Alternatively, HCP's new CEO is not an established "deal maker". Based on her track record she is a people-oriented leader with no experience at sourcing health care deals. In addition I see little connection between managing a brokerage network (Jones Lang LaSalle) and running an $18 billion diversified health care REIT. Arguably, I have more experience than her and that's not good.
As in most corporate shake-ups there will likely be more instability as certain key executives may follow Flaherty or depart due to the new culture. McKee described Martin as having the right "temperament" to move the company forward. That's great, I'm not interested in having a "temperamental" CEO, I'm interested in having a "tough as nails" leader with a track record of "protecting my principal at all cost".
I'm Dumping Shares in HCP
I have a rule. When someone gets fired, I want an answer. I believe that HCP's board should have provided investors with a better answer than "it was not stock performance or business performance. I think one of the things that struck us was that we think this platform right now is in very good shape." Give me a break.
The higher the uncertainty about the REIT, the larger the information risk premium. I simply don't like "murky" board dialogue and I'm not interested in the excess returns that may be generated by information risk. These days it's totally irresponsible not to be socially responsible and offer answers on how much, where, and when. It stands to reason that I'm dumping my shares in HCP.
The legendary real estate developer, Donald Trump, has said:
I mean, there's no arguing. There is no anything. There is no beating around the bush. "You're fired" is a very strong term.
Rightfully so. That's why I'm firing HCP. As I explained, I believe there is uncertainty risk as it relates to the lack of information (disclosed to investors) as well as the inexperience of Martin as the CEO of a health care REIT. That's enough to make me back the truck in reverse.
Alternatively, I plan to buy more shares in Ventas, Inc. (NYSE:VTR). Not only is the CEO, Debra Cafaro, a proven CEO with health care experience, she has transformed the company into a stalwart REIT of excellence. There is no uncertainty as it relates to creating value and I intend to park my dollars with a CEO that I trust and who is aligned with the pursuit of long-term growth.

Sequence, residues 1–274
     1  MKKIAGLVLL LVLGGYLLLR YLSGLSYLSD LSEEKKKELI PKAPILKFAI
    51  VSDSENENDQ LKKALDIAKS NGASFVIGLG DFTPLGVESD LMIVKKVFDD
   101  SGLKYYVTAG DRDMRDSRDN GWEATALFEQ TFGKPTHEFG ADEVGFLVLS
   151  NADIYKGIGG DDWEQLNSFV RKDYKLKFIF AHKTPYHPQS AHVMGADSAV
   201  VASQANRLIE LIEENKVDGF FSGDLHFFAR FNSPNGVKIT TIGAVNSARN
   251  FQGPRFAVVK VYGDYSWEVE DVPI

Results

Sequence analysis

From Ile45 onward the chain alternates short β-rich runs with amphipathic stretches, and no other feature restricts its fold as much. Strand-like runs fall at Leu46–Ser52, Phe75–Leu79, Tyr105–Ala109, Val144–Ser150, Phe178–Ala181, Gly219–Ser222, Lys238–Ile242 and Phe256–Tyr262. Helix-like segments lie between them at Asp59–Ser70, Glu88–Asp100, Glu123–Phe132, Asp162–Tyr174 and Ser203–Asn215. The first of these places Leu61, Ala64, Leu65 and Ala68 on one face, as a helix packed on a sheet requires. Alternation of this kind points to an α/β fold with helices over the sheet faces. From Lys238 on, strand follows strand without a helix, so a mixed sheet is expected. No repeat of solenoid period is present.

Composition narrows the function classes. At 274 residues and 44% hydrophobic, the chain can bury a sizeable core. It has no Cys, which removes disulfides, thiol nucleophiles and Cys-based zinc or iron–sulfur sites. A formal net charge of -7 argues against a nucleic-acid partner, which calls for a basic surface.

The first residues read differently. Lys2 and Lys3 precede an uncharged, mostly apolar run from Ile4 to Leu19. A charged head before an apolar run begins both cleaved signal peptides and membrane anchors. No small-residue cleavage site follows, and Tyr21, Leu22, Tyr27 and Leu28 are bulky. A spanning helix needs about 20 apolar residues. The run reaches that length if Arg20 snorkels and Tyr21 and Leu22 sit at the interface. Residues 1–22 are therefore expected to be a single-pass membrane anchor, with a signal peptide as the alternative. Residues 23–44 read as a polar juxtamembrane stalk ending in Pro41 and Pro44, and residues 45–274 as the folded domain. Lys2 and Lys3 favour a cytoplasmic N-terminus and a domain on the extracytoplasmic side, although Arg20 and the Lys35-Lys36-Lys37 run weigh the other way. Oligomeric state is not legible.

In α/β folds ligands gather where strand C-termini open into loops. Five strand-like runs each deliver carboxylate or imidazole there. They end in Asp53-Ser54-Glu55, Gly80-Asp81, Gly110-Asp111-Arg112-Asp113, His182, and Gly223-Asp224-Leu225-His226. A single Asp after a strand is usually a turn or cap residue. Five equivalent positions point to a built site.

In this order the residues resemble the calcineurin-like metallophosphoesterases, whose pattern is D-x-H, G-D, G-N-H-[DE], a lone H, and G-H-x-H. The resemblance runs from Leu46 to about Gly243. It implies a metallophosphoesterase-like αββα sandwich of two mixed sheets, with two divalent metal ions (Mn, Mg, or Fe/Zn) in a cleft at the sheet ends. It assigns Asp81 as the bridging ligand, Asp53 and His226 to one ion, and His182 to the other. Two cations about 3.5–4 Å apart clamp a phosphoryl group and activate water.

Warren Buffett imparted profound business acumen with some of his principles when he said that some of the best managers think like and "walk in the shoes of owners". I believe that Debra Cafaro is a prime example of a "leader" that I trust. (see my latest article on Ventas here).
Ventas has a market capitalization of $18.09 billion and a dividend yield of 4.3%. The shares are trading at $61.70 with a P/FFO multiple of 16.7x. Although the dividend yield is less than HCP, I am confident that shares will perform without the distractions and drama associated with the competing peer. In addition, I am removing HCP from my "sleep well at night" (SWAN) portfolio (see my newsletter here) and I'm maintaining a "waiting on the sidelines" position. Oh yes, I'm hiring Debra to run by diversified health care REIT exposure so I can "sleep well at night".
Source: SNL Financial
Disclaimer: This article is intended to provide information to interested parties. As I have no knowledge of individual investor circumstances, goals, and/or portfolio concentration or diversification, readers are expected to complete their own due diligence before purchasing any stocks mentioned or recommended.
Disclosure: I am long O, ARCP, GPT, UMH, STAG, HTA, VTR, CSG. I wrote this article myself, and it expresses my own opinions. I am not receiving compensation for it (other than from Seeking Alpha). I have no business relationship with any company whose stock is mentioned in this article.